Take the new job without the conditions. If you are collecting unemployment benefits, this could create problems with the EDD as to your employment status. Even though you will not be collecting unemployment when you start your new job, the EDD can still look back to see if you would have to repay any money obtained fraudulently. This is not likely, but it is best for you to avoid your old employer. You can be thankful to your old employer for finding you the new position without sacrificing yourself out of a misguided sense of loyalty. It sounds like your old employer thinks it would be to his advantage to have you as an employee in his efforts to merge with the other company. However, he gave up that right when he quit paying you.
Good luck in your new job.
No, your former employer cannot legally do what it is attempting to do. You are entitled to take a new job wherever you wish and to receive the money owed to you from your former employer as well. Of course collecting from a company that ran out of money may be difficult, but given that dynamic, why would you ever agree to continue to get paid from that broke company?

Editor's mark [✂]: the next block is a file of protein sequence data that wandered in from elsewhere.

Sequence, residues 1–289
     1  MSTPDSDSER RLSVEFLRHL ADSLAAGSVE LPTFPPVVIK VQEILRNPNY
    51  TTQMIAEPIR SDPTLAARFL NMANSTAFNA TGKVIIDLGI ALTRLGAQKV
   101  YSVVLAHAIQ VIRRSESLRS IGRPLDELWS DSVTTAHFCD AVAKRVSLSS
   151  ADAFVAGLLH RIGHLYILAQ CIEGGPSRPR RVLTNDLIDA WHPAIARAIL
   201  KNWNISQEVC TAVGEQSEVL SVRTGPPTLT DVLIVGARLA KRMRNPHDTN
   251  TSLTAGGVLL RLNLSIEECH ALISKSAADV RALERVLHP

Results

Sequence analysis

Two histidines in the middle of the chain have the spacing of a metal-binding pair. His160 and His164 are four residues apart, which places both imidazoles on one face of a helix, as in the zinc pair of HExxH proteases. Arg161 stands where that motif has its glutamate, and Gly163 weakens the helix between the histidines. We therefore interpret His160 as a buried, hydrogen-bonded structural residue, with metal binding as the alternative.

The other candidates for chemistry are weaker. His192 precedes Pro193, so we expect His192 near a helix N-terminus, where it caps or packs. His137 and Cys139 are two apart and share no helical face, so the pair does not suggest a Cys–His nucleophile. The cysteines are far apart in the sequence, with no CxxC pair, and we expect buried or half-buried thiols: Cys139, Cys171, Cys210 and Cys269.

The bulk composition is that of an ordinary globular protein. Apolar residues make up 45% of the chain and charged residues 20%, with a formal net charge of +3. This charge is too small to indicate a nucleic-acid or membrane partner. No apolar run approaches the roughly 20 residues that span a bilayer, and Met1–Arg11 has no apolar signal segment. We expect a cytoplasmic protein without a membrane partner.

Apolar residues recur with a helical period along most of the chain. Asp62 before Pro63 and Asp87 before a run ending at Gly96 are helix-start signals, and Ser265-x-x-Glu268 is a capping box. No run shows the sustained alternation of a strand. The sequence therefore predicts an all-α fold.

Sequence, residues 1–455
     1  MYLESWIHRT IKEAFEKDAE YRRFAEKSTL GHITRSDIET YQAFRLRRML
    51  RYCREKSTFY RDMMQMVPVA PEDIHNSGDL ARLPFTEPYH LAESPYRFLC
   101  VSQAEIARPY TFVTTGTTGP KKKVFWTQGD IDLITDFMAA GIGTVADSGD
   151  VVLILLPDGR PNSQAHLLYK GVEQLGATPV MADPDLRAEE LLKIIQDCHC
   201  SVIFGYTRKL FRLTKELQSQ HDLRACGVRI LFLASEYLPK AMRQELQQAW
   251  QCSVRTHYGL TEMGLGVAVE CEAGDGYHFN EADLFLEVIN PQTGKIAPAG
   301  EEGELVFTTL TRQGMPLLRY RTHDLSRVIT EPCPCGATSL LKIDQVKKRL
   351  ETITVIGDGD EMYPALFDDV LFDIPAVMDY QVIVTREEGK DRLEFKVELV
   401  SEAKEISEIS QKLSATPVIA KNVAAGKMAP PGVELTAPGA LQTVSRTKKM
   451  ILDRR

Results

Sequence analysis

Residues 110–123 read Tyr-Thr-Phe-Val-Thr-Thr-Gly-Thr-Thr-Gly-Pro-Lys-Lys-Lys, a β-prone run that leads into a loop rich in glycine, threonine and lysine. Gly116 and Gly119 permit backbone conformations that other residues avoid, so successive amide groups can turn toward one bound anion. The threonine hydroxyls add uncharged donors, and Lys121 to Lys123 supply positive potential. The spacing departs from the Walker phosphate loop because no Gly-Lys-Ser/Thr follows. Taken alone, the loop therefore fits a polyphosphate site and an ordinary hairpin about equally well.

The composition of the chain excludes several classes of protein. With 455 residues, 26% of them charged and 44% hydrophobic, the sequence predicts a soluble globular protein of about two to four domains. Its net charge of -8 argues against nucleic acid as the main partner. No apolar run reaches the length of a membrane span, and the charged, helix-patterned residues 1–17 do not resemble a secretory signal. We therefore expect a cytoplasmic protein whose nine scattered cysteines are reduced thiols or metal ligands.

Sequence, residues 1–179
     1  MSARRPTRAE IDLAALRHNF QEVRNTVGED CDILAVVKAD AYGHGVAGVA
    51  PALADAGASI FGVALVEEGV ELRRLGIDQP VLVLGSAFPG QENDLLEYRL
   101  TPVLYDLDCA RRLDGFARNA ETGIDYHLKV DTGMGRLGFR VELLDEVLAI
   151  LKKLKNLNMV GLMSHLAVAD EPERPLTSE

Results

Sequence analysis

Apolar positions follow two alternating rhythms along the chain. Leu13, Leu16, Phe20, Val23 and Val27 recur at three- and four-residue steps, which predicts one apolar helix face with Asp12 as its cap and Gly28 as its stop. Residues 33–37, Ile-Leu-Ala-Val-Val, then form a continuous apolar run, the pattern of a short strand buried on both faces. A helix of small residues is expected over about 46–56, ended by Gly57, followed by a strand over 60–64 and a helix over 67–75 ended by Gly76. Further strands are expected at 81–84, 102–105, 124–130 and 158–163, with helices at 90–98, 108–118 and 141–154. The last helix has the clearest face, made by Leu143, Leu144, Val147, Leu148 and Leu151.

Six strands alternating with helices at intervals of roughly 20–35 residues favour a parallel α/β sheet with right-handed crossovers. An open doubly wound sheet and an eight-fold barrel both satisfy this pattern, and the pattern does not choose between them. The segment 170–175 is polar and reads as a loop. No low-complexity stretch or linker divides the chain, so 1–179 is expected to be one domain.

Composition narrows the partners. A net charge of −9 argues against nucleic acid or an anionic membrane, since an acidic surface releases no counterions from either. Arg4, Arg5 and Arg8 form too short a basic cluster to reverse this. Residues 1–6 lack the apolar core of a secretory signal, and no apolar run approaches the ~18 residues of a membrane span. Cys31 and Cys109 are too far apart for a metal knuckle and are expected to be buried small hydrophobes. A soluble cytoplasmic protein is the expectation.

You can proceed against your former company to get the money owed to you by filing a complaint with the DLSE in California. You can do that at no cost to you, so that if the company is truly broke, you will not be out a lot of money.
Good luck to you.
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Based on your facts there is no basis in law for the request of your former employer.
The above is general legal and business analysis. It is not "legal advice" but analysis, and different lawyers may analyse this matter differently, especially if there are additional facts not reflected in the question. I am not your attorney until retained by a written retainer agreement signed by both of us. I am only licensed in California. See also avvo.com terms and conditions item 9, incorporated as if it was reprinted here.